Let's take this a step further. This issue is presented as one of those balancing acts: The privacy of lawful gun owners, we're told, must be balanced by the people's "right to know" and the need to hold government accountable. But the only reason that governments have lists of gun owners is that they require licenses or concealed-carry permits. The right to self-defense, and therefore the right to buy and carry a handgun (the most effective means of self-defense), should require no one's permission. It is a natural right. The Second Amendment didn't invent the right to own guns. It merely recognizes it: "(T)he right of the people to keep and bear arms shall not be infringed." It doesn't say, "The people shall have the right to keep and bear arms."
Alaska, Arizona, Wyoming and Vermont recognize this right and require no permits to carry guns. (Montana also has this policy in all but a few urban areas.)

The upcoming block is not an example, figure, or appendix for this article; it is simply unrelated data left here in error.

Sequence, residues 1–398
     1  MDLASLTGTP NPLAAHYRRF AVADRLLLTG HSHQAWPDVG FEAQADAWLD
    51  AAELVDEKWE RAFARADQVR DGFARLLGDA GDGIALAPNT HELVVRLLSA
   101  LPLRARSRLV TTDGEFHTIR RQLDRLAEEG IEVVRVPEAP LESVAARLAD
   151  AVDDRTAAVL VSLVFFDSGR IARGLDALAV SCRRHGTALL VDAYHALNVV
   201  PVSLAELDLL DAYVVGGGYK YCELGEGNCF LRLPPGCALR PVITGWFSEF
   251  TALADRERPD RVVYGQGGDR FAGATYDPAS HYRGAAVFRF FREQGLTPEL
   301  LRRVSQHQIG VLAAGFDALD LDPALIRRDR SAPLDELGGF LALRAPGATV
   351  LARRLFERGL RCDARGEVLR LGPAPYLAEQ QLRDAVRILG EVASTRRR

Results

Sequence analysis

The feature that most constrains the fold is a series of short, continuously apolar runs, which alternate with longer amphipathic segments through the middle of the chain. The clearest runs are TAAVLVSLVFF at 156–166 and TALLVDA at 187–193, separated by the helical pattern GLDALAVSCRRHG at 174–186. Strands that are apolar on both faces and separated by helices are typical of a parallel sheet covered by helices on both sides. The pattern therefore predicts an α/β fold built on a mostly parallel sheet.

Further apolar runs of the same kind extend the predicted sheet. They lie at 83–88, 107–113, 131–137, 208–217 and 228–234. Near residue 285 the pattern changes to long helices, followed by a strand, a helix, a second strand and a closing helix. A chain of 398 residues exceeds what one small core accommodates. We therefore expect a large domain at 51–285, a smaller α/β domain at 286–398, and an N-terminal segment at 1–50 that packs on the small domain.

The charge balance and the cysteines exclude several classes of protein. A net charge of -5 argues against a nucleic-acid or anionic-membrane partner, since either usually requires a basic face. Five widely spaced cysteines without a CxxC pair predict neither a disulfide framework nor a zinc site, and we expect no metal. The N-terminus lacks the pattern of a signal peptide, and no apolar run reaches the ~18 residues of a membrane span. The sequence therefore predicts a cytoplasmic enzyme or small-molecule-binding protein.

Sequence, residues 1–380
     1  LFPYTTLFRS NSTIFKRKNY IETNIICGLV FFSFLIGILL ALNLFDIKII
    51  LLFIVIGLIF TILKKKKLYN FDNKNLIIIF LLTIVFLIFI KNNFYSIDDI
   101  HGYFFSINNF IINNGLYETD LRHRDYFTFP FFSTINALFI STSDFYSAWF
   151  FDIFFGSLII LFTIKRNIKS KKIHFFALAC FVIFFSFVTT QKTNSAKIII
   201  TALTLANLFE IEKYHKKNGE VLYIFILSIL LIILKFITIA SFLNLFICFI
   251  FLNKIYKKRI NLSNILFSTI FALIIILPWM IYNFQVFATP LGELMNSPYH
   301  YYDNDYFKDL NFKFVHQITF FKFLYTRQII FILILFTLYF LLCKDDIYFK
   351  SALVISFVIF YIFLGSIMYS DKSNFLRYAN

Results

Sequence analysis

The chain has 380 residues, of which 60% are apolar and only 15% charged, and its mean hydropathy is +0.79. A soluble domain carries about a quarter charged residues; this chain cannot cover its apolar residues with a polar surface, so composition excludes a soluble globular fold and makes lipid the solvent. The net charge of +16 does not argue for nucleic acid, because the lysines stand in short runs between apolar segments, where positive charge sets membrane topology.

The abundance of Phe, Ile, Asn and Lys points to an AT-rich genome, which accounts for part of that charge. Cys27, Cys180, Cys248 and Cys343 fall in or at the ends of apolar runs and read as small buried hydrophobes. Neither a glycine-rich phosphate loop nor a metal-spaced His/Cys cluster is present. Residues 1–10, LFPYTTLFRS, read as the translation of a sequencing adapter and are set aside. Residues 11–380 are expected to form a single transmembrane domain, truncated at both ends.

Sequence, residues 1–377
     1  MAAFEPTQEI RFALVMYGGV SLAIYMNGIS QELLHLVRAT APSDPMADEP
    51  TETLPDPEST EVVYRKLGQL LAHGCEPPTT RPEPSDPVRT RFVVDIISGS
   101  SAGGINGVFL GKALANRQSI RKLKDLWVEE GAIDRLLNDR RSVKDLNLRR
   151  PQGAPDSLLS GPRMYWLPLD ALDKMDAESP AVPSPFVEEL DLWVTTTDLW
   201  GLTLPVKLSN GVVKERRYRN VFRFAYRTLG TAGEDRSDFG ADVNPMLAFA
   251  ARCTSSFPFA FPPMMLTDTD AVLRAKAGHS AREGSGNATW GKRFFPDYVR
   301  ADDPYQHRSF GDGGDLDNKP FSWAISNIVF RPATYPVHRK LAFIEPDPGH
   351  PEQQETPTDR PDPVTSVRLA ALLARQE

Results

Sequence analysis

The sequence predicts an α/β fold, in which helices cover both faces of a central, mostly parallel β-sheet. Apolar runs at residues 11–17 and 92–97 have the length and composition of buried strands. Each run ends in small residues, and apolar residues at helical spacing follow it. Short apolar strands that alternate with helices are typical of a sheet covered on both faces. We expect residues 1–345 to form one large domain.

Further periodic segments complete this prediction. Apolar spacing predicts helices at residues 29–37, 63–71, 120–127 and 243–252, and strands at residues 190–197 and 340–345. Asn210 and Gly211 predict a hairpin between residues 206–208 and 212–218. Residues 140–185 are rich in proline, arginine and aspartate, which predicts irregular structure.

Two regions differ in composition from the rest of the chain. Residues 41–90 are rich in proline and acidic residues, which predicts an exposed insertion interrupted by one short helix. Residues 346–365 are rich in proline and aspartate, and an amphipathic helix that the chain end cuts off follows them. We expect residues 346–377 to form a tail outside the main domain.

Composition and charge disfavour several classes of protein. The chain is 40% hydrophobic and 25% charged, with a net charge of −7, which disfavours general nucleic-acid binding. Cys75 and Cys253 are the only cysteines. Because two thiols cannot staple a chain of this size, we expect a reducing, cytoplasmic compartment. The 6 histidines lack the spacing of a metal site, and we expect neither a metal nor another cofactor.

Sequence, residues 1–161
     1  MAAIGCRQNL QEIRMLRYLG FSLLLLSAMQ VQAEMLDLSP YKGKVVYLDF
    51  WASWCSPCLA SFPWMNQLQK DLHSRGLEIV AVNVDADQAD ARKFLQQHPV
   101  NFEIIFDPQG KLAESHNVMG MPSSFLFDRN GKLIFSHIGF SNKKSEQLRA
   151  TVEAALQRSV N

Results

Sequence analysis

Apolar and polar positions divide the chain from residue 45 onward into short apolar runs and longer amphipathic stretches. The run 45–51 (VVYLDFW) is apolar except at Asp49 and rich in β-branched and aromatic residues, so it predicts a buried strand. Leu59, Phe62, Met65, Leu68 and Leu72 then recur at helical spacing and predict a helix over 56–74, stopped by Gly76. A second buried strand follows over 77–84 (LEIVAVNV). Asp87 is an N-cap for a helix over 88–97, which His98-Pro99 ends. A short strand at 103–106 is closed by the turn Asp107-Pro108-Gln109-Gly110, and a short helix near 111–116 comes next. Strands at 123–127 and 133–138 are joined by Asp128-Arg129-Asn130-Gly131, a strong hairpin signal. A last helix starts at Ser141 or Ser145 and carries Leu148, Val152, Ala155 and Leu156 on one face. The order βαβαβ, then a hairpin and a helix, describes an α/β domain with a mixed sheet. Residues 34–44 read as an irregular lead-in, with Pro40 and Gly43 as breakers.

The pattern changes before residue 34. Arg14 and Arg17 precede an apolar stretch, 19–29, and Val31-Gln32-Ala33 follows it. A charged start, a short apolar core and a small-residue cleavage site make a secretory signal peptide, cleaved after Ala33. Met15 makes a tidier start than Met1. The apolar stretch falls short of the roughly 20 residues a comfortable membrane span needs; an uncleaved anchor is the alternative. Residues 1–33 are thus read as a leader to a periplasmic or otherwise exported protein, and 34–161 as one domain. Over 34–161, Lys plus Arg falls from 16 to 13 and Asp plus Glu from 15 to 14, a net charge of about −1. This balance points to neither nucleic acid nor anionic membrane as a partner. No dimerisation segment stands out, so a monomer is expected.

Unfortunately, the Supreme Court, while striking down outright bans on handguns, left room for permits. But it's hard to see how that is consistent with the natural right of self-defense.
I leave aside whether a felon who has served his sentence should be deprived of the means of self-defense because there's a more practical point: Gun laws have no effect on people who plan to break other, more serious laws. Guns are the tools of the criminal trade. If people in that business can't get them legally, they'll get them in the black market. And where there is prohibition, there will always been a black market.
The law of supply and demand is as reliable as the law of gravity.
I say we reject the premise that the state can legitimately exercise this power at all. What would Thomas Jefferson have said about gun permits?